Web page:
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Politics & Government

Ohio's disputed Congressional map will likely stay in place for 2022

 Commissioners hand out different maps to be submitted during a Ohio Redistricting Commission meeting on March 2, 2022.
Andy Chow
/
Statehouse News Bureau
Commissioners hand out different maps to be submitted during a Ohio Redistricting Commission meeting on March 2, 2022.

As debate continues over Ohio's legislative maps, new movement on contested the state's congressional districts means they’re likely to stay in place at least for 2022.

The Ohio Supreme Court consolidated the two cases that are challenging that map as unconstitutionally gerrymandered, and set filing deadlines into late May. But no courtroom arguments were set – which means that map will be used for the 2022 election year unless a federal court intervenes.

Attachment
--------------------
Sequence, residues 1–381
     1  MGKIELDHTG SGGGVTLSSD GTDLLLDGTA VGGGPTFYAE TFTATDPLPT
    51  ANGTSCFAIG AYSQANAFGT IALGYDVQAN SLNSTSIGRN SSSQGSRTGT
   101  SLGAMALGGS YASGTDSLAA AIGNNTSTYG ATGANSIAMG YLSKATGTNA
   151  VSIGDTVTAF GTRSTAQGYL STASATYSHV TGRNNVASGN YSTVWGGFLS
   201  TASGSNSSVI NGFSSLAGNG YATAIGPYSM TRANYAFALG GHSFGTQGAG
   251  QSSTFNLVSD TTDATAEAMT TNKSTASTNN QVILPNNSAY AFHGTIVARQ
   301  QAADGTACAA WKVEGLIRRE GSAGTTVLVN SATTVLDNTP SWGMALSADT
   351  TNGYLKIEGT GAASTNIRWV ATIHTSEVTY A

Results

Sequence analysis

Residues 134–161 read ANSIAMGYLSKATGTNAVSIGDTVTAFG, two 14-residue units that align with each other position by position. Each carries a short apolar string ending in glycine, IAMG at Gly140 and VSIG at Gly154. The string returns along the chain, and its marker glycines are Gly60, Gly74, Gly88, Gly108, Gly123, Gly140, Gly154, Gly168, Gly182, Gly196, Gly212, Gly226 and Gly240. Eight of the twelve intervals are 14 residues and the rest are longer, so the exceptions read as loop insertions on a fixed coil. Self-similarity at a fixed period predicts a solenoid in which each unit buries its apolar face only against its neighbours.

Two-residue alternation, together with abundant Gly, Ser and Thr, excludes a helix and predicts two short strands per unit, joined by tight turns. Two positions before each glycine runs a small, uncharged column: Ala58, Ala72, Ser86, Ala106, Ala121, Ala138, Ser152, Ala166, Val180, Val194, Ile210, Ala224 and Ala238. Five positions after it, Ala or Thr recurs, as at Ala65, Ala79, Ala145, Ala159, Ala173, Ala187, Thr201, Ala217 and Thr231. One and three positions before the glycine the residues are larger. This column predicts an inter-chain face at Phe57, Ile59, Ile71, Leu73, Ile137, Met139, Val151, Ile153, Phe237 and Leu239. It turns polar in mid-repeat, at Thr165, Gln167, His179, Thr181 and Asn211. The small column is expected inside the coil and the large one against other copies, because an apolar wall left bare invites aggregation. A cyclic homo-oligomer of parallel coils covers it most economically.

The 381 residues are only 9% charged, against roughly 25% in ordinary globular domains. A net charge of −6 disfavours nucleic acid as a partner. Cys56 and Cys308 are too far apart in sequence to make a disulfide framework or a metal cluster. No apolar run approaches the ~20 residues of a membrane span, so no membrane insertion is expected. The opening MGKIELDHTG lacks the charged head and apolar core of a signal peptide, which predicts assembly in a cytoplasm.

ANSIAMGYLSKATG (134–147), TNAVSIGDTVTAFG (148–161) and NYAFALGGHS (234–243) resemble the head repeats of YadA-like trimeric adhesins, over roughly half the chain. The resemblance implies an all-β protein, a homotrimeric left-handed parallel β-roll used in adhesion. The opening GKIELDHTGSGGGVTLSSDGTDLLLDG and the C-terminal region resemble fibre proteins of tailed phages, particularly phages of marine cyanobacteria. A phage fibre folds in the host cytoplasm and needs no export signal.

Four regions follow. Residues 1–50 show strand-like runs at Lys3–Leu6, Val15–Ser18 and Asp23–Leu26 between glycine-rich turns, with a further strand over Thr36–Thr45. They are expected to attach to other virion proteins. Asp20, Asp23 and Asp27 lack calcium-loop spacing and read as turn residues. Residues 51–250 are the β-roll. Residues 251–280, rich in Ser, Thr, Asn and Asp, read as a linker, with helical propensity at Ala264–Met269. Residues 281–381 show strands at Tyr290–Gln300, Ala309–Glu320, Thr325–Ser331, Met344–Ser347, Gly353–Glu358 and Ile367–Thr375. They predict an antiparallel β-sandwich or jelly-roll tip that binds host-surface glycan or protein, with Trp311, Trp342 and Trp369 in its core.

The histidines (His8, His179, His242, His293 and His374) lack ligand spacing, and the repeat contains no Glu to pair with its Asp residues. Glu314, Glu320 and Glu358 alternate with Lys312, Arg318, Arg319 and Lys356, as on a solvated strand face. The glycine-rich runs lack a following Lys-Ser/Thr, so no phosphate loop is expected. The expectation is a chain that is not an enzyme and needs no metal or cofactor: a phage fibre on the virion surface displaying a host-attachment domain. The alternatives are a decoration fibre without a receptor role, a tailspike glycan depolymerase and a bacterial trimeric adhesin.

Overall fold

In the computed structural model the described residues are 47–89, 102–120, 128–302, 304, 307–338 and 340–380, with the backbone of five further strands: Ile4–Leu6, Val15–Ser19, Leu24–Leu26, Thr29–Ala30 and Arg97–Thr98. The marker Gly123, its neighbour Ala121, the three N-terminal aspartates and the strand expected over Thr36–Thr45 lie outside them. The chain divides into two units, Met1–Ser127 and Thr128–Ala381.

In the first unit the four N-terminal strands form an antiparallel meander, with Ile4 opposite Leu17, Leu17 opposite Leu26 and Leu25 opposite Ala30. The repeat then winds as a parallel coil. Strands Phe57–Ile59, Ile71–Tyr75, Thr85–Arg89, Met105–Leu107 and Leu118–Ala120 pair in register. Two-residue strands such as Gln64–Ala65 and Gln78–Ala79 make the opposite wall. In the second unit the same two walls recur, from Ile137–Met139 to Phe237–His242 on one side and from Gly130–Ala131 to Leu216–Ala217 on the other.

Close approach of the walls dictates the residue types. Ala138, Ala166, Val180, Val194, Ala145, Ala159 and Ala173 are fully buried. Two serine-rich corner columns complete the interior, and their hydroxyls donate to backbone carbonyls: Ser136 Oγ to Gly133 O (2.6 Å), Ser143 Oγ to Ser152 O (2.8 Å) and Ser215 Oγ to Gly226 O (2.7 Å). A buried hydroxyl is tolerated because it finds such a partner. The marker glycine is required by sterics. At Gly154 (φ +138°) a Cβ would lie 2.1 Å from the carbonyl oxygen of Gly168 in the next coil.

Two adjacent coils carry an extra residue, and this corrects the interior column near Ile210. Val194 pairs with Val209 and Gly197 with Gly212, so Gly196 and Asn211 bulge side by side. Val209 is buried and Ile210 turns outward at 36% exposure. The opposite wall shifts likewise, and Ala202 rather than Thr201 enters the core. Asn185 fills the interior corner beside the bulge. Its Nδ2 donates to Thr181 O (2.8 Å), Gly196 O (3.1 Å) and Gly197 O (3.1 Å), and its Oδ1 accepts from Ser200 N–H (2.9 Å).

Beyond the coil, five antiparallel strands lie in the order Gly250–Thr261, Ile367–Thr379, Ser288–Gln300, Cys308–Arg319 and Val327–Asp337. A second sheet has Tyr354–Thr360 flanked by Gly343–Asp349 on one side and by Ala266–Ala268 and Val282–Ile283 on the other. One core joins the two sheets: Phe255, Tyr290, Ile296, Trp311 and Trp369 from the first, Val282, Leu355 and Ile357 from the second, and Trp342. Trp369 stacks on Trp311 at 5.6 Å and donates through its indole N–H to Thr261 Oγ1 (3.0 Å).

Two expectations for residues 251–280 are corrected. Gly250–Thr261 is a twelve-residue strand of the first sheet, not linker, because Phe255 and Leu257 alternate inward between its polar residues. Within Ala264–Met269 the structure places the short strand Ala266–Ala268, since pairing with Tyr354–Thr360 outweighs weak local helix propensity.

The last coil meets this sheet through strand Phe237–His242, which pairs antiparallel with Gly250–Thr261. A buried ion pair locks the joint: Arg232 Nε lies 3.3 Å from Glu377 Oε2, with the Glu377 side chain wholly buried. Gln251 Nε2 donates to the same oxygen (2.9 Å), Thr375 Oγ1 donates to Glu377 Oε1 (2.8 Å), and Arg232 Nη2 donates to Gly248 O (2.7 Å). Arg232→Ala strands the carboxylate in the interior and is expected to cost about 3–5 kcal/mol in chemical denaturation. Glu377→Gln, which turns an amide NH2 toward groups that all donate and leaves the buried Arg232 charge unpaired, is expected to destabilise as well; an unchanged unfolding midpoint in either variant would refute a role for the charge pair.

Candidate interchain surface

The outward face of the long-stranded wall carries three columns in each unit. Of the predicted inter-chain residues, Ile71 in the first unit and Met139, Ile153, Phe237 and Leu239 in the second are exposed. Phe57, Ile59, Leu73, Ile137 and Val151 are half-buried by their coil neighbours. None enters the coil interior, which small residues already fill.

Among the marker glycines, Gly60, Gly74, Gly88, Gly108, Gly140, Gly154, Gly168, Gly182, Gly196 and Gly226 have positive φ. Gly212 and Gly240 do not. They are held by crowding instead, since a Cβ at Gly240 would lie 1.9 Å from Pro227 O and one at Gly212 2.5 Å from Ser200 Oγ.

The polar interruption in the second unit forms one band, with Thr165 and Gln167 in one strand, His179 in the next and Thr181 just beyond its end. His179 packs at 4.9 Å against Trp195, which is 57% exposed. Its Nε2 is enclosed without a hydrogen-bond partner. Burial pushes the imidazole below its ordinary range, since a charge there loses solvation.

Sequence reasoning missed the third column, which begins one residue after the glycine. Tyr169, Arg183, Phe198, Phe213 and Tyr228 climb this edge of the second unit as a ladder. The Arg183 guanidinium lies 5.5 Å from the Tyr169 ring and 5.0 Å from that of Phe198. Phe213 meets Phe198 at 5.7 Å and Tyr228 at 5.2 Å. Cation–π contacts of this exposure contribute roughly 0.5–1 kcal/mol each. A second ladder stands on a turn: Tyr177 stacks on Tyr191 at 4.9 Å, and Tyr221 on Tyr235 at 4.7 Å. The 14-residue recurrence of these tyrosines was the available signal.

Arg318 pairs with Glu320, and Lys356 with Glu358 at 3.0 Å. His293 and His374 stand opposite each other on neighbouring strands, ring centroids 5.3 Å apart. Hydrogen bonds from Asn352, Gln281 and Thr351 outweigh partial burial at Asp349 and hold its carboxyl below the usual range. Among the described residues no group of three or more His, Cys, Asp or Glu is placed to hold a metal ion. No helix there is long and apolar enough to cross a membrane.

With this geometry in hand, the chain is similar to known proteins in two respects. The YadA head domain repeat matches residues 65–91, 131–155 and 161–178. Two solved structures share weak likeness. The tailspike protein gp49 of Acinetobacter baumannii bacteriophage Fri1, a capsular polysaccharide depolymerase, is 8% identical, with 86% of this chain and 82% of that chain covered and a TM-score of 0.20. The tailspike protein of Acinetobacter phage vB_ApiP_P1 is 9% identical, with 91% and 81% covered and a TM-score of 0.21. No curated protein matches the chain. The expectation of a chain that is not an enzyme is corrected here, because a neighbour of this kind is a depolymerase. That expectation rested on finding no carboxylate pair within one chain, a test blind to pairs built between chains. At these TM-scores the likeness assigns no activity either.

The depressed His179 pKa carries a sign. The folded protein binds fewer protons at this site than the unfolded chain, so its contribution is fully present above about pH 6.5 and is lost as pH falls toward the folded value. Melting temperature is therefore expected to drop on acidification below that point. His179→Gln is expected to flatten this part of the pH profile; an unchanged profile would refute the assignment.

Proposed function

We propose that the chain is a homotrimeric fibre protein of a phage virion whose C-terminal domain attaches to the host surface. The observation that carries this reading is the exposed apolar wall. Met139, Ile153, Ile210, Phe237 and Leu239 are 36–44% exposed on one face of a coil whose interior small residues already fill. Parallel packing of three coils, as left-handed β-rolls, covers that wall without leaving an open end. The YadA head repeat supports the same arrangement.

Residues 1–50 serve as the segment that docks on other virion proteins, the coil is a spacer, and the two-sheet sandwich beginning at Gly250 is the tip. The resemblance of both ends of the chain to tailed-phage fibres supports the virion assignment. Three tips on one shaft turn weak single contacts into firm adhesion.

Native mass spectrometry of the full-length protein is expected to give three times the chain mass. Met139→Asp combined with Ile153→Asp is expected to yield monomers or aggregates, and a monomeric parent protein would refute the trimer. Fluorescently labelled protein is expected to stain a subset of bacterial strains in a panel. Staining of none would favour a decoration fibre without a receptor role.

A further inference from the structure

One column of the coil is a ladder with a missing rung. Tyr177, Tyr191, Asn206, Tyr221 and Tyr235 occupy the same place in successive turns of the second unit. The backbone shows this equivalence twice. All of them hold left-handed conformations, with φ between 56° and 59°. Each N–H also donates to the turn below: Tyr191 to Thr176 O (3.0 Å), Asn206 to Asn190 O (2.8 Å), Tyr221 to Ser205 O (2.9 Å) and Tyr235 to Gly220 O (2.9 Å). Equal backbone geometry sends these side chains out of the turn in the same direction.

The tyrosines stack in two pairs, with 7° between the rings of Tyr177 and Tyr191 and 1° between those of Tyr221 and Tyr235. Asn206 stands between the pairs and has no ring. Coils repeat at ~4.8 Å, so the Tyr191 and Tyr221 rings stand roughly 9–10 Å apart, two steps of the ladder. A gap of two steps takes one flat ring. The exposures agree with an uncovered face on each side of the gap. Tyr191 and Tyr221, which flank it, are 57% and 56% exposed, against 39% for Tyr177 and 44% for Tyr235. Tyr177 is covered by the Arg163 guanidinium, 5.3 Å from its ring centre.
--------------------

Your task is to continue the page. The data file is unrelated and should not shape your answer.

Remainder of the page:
Meanwhile, the House and Senate maps approved by the Redistricting Commission late Monday are now awaiting review by the Ohio Supreme Court – and right now those districts aren’t set for the May primary ballot.

While the commission had hired outside mapmakers with a livestream for people to watch the process, Republicans ended up just approving changes to a previous set of maps drawn by GOP staffers.

Copyright 2022 The Statehouse News Bureau. To see more, visit The Statehouse News Bureau.